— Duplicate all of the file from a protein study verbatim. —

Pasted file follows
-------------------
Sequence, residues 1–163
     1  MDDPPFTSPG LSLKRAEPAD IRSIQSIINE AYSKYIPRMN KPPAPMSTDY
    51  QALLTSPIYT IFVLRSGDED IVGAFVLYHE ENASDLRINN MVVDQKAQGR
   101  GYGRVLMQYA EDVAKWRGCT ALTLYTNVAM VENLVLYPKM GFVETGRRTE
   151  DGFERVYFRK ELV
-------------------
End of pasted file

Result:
Sequence, residues 1–163
     1  MDDPPFTSPG LSLKRAEPAD IRSIQSIINE AYSKYIPRMN KPPAPMSTDY
    51  QALLTSPIYT IFVLRSGDED IVGAFVLYHE ENASDLRINN MVVDQKAQGR
   101  GYGRVLMQYA EDVAKWRGCT ALTLYTNVAM VENLVLYPKM GFVETGRRTE
   151  DGFERVYFRK ELV